Britain Predicts: Who would win if an election was held tomorrow?

Country/area: United Kingdom

Organisation: The New Statesman

Organisation size: Big

Publication date: 3/9/2021

Credit: Ben Walker, Michael Goodier and Josh Rayman

Biography: Ben Walker is a data journalist at the New Statesman.

Michael Goodier is a data journalist at GlobalData & New Statesman Media Group.

Josh Rayman is a visual journalist at GlobalData & New Statesman Media Group.

Project description:

Britain Predicts attempts to forecast how an election would pan out according to the polls if held today. Our unique model recognises that the UK doesn’t often vote or swing as one, and that there are people in some constituencies who are more susceptible to changing their vote than those living elsewhere.

Impact reached:

Britain Predicts now sits as one of the UK’s most popular election calculators.

Techniques/technologies used:

The model was written from scratch based on the documentation of the Strong Transition Model from Electoral Calculus (electoralcalculus.co.uk) and other work from The New Statesman done in previous elections. The calculator was written in JavaScript so it could be sent across to the client allowing for a more tactile approach as opposed to sending the data across to a server to calculate and return a result.

The graphical control was built with a sense of play in mind, with a big circular slider component that is designed to encourage repeat usage. This also removed the issues we had in previous election projects, where each slider affects the other sliders (to sum up to 100%). The slider makes it clear how modifying one party impacts the others.

The project was built with Svelte and Layercake (d3.js), and the data is updated using an AWS Lambda scraper that polls a Google Spreadsheet, so the default poll values can be updated daily without having to redeploy the project.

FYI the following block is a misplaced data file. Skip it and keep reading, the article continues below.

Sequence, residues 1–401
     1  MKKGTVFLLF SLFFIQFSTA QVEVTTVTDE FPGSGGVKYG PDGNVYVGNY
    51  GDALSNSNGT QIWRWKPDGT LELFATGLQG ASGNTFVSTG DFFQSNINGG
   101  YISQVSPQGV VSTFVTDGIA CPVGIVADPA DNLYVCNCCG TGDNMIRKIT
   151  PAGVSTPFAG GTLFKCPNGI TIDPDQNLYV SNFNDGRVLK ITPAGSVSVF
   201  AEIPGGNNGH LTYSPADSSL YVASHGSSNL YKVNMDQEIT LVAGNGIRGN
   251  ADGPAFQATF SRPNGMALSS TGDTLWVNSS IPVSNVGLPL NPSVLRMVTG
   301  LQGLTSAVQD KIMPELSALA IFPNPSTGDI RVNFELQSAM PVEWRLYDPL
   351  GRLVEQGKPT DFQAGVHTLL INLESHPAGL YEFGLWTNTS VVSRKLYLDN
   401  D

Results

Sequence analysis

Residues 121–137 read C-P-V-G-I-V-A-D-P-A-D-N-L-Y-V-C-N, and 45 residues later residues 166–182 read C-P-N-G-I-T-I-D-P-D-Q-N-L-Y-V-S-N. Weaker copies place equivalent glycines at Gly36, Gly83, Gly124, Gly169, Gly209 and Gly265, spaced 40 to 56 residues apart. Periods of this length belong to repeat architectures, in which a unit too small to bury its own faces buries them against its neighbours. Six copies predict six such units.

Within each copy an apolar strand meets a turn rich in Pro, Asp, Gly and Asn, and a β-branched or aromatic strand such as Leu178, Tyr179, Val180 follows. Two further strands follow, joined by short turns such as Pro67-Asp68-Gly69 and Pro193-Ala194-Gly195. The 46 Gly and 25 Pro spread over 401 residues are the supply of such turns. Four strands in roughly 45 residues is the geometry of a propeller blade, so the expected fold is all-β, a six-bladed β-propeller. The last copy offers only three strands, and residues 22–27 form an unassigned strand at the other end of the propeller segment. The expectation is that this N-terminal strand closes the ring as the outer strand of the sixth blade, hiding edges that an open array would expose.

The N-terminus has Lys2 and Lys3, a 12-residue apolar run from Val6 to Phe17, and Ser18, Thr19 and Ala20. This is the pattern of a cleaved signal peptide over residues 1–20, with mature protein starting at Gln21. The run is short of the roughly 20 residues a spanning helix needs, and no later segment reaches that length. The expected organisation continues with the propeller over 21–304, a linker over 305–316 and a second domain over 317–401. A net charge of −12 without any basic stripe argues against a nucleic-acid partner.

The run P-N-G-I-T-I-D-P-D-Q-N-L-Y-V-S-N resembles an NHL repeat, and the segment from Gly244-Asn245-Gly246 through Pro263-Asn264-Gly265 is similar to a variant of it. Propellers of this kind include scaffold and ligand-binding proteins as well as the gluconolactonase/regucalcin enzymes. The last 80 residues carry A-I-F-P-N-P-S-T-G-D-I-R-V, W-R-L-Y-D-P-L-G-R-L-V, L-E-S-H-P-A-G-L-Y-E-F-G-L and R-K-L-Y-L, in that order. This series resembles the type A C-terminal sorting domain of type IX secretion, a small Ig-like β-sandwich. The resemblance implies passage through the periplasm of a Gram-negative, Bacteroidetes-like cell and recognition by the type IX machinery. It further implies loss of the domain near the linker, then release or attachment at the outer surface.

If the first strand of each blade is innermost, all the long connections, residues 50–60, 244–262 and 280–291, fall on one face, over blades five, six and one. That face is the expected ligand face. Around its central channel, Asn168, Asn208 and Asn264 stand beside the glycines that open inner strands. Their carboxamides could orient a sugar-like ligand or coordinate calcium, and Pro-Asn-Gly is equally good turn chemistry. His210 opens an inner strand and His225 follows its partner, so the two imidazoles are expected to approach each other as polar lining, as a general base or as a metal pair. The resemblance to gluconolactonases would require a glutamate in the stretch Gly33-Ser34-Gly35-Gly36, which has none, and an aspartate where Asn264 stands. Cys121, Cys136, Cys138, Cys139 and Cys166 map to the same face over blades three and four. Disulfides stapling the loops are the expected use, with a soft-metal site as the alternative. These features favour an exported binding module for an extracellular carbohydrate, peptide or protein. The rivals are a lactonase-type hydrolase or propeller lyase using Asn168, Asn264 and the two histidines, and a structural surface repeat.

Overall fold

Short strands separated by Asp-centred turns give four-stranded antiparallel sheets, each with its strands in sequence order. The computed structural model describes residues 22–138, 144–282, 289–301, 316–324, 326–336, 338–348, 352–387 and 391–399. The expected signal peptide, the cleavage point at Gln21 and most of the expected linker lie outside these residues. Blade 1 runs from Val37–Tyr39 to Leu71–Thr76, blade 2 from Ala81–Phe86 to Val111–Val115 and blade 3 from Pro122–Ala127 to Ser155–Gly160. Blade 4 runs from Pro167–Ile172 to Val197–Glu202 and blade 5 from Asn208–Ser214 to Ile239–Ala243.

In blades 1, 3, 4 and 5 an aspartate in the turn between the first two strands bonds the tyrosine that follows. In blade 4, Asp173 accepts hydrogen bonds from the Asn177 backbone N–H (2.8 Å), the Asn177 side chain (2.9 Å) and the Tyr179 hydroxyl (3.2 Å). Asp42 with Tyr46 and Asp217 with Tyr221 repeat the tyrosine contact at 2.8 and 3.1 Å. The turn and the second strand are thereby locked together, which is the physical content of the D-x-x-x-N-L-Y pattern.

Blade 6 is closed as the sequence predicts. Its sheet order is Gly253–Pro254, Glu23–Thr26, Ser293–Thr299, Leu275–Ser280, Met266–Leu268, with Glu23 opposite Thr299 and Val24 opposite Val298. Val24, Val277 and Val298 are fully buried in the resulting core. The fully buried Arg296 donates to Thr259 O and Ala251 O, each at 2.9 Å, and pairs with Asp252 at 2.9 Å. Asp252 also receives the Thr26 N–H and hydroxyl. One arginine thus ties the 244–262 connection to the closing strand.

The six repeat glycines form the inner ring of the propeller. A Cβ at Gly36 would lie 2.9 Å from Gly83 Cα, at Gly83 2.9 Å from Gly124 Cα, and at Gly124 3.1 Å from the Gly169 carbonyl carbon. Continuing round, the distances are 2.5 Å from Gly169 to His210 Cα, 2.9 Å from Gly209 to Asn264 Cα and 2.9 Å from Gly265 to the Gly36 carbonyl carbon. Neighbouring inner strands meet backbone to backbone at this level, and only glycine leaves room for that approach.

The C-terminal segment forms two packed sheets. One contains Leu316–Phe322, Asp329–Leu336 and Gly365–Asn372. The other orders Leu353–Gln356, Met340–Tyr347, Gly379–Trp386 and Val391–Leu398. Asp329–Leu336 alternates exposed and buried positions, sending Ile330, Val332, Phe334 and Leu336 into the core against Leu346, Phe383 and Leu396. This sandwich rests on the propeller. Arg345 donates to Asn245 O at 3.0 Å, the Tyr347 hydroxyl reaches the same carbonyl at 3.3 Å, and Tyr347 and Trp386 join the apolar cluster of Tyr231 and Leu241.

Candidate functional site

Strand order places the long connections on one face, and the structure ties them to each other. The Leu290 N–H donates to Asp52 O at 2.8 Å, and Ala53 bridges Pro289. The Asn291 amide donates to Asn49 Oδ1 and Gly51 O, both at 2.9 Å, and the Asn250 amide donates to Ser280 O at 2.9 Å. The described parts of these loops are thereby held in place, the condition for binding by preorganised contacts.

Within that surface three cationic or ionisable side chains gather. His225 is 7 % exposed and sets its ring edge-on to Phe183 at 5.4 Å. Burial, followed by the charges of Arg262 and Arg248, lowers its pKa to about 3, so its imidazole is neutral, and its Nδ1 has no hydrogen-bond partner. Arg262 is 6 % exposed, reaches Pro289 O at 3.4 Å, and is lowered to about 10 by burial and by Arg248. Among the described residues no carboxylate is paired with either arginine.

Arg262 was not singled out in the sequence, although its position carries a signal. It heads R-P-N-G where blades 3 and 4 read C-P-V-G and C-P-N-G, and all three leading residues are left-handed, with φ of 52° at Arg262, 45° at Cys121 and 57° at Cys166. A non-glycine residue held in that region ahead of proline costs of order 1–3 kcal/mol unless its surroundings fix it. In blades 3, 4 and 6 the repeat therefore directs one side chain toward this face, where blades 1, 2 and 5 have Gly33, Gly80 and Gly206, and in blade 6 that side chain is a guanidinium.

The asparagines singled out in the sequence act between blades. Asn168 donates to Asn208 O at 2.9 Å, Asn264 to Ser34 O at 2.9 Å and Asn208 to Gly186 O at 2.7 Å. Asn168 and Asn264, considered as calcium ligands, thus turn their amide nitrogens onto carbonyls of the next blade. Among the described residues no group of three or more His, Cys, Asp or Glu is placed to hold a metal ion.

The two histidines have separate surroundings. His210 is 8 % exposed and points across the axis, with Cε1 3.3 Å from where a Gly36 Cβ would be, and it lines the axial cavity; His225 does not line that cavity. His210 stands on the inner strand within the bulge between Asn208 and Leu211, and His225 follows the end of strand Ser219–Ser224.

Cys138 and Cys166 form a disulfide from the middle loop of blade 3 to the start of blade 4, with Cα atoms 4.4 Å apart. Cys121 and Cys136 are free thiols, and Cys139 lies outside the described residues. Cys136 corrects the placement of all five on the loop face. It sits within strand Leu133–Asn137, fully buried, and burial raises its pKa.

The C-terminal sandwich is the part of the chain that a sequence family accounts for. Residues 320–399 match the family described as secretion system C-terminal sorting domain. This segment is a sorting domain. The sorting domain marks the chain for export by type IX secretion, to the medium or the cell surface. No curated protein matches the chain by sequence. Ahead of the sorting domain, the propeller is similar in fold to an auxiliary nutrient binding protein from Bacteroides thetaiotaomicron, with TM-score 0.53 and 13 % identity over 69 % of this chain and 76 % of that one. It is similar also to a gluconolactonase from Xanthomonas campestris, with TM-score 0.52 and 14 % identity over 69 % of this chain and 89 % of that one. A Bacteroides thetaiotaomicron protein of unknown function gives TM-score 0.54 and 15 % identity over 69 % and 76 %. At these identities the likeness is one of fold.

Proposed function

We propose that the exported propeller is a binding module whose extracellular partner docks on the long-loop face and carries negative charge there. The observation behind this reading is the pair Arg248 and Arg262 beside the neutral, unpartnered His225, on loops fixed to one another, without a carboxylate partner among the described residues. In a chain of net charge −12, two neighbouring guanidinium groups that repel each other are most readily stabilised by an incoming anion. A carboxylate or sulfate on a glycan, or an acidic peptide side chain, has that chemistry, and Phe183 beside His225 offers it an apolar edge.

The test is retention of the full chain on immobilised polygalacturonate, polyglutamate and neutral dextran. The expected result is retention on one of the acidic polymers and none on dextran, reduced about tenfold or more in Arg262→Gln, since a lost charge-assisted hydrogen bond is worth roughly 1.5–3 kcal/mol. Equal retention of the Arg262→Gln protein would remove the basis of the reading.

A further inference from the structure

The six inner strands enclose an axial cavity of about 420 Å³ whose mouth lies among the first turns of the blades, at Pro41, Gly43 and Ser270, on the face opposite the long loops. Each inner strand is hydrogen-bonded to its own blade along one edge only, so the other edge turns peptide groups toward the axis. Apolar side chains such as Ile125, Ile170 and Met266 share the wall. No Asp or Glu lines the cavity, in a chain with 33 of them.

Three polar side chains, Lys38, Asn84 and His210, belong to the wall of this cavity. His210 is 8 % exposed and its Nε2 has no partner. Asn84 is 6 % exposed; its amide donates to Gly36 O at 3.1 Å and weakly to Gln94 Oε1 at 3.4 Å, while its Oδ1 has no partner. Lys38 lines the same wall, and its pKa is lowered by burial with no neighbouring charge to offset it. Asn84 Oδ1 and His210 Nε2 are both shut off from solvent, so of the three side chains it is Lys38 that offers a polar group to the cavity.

What was the hardest part of this project?

Like any other model, our model has limitations and assumptions. We had to make some tough calls, such as the decision not to link the Reform Party to its predecessor, the Brexit Party, which can lead to some unusual results such as Reform gaining seats in Scotland if they are given a high enough share. We also had to split the model up to treat Scotland and Wales separately, as they have single-nation parties (the SNP and Plaid Cymru).

What can others learn from this project?

The project builds on previous work to improve our collective understanding of how people vote in elections and how we can predict the results of those elections. It also highlights the uneven distribution of seats in parliament, with some parties being over-represented while others get fewer seats.

To contextualise changes in polling figures, journalists can also use the interactive part of their calculator to input their voting scenarios and see how many seats each party would get.

Project links: